Natural Nootropic: Nitrates

Natural Nootropic: Nitrates
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We all probably know about the benefits of nitrates on exercise performance, but did you know nitrates may also have cognitive enhancing (nootropic) effects in healthy subjects?

The noot: 450ml organic beetroot juice (including 10% apple juice) containing 5.5mmol nitrate (at ~62g/mol, that’s 341mg nitrates)

Note: if you’re using potassium nitrate, 341mg nitrates would be yielded from ~559mg potassium nitrate (which is ~61% nitrate), but it seems possible that the beetroot juice may have some other pro-cognitive benefits besides just nitrates, although the study makes no mention of this, and discusses the nitrate content of the treatment vs the placebo as the primary player/factor here

Subjects: healthy young adults (average age ~21 years)

Results:

Dietary nitrate increased levels of nitrite, and modulated the hemodynamic response
40 to task performance, with an initial increase in CBF at the start of the task period, followed by
41 consistent reductions during the least demanding of the three tasks utilised. Cognitive
42 performance was improved on the Serial 3s subtraction task.

Conclusion:

These results show that single doses of dietary nitrate can modulate the CBF
44 response to task performance and improve cognitive performance, and suggest one possible
45 mechanism by which vegetable consumption may have beneficial effects on brain function.

This dose (5.5mmol or 341mg nitrates) is consistent with the dose that has ergogenic/endurance benefits (5-9mmol or 310-558mg nitrates) although they advise against the use of nitrate salts.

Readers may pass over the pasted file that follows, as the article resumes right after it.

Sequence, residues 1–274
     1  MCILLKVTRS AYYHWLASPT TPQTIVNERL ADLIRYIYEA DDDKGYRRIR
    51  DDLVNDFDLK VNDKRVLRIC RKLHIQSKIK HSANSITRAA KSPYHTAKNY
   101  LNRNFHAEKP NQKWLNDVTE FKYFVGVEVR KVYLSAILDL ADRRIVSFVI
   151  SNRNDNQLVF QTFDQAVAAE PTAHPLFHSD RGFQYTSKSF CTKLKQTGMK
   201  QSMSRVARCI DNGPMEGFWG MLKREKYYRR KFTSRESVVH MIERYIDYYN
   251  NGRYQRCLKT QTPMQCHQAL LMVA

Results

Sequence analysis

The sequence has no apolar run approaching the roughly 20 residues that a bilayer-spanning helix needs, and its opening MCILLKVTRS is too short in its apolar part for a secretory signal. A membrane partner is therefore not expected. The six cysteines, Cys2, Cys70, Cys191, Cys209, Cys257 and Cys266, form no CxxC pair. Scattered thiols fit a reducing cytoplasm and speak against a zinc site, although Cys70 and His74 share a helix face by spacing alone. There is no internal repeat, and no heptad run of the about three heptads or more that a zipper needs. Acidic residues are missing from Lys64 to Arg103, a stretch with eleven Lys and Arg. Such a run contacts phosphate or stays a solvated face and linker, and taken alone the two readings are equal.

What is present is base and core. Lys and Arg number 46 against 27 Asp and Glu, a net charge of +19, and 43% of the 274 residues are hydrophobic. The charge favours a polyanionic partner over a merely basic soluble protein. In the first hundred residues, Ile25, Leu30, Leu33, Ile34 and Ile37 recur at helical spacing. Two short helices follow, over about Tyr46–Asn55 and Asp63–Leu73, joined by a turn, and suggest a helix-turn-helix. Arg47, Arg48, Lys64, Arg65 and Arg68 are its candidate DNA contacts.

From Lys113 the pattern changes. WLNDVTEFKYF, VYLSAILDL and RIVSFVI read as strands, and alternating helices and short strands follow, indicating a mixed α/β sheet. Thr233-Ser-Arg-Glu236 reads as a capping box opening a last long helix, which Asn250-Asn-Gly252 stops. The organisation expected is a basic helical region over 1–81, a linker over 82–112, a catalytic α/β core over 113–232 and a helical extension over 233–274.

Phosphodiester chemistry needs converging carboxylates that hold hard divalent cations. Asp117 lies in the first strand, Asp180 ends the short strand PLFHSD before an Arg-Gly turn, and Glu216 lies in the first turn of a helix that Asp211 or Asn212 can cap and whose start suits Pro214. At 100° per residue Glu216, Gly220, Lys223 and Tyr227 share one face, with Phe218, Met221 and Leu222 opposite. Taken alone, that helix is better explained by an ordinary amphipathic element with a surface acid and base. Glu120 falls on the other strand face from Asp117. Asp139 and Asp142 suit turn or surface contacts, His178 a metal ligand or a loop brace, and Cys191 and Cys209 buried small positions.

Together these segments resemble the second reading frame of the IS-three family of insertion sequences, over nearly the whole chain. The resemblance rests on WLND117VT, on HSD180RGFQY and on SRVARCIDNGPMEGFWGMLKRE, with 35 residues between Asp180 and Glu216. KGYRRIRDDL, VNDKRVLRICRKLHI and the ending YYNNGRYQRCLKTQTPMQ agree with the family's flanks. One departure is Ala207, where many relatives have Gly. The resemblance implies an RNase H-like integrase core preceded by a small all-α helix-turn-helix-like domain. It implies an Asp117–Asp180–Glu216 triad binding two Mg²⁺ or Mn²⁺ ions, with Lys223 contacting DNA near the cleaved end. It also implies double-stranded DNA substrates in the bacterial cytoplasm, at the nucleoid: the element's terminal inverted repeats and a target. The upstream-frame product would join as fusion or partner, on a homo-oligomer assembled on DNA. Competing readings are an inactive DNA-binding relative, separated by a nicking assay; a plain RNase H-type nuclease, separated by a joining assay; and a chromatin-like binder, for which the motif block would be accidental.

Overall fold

This meta-analysis shows that nitrate supplementation increases tolerance and efficiency
to high-intensity constant and maximal incremental exercise, which may increase exercise
performance. Doses ranging from 5 to 9 mmol of nitrate seem to be the most effective and can be
taken as either a single bolus or as multiple doses (up to 15 days). This amount (5-9 mmol) can
easily be met through a normal diet consisting of vegetables, with beetroot, spinach and rocket
(rogula) representing the richest sources of dietary nitrate. Natural sources of vegetable nitrates
are likely safe and should remain the primary vessel for those looking to explore the
physiological effects of nitrate associated with exercise. In contrast, the uncontrolled use of
organic nitrates (nitroglycerin) and nitrite salts is potentially hazardous and should be avoided. It
would also be important to consider the type of athlete performing the exercise, the duration,
intensity and mode of the exercise performed as these factors are likely to influence the efficacy
of nitrate supplementation.

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Anecdotally, I agree with this using both VasoBlitz and plain potassium nitrate

At 2g arginine nitrate per serving (which is ~26.67% nitrate I think), that’s ~533mg nitrates, which falls right in the higher end of the 5-9mmol dose mentioned for ergogenic effects, and more than what was used in the study noting cognitive benefits, so I can definitely see that!